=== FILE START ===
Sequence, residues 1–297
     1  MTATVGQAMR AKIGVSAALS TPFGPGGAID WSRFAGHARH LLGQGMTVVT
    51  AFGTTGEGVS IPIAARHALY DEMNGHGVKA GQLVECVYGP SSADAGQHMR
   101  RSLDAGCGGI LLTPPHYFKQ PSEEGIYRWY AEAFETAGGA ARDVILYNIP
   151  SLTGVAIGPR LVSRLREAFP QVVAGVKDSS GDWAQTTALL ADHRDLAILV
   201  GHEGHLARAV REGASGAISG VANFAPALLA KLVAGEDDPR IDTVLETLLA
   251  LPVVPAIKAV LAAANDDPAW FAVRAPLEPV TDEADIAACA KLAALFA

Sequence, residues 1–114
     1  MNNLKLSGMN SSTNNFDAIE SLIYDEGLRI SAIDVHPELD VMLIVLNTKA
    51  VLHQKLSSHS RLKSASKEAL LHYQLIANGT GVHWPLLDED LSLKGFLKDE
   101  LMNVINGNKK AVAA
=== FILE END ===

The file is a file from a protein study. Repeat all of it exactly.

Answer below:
Sequence, residues 1–297
     1  MTATVGQAMR AKIGVSAALS TPFGPGGAID WSRFAGHARH LLGQGMTVVT
    51  AFGTTGEGVS IPIAARHALY DEMNGHGVKA GQLVECVYGP SSADAGQHMR
   101  RSLDAGCGGI LLTPPHYFKQ PSEEGIYRWY AEAFETAGGA ARDVILYNIP
   151  SLTGVAIGPR LVSRLREAFP QVVAGVKDSS GDWAQTTALL ADHRDLAILV
   201  GHEGHLARAV REGASGAISG VANFAPALLA KLVAGEDDPR IDTVLETLLA
   251  LPVVPAIKAV LAAANDDPAW FAVRAPLEPV TDEADIAACA KLAALFA

Sequence, residues 1–114
     1  MNNLKLSGMN SSTNNFDAIE SLIYDEGLRI SAIDVHPELD VMLIVLNTKA
    51  VLHQKLSSHS RLKSASKEAL LHYQLIANGT GVHWPLLDED LSLKGFLKDE
   101  LMNVINGNKK AVAA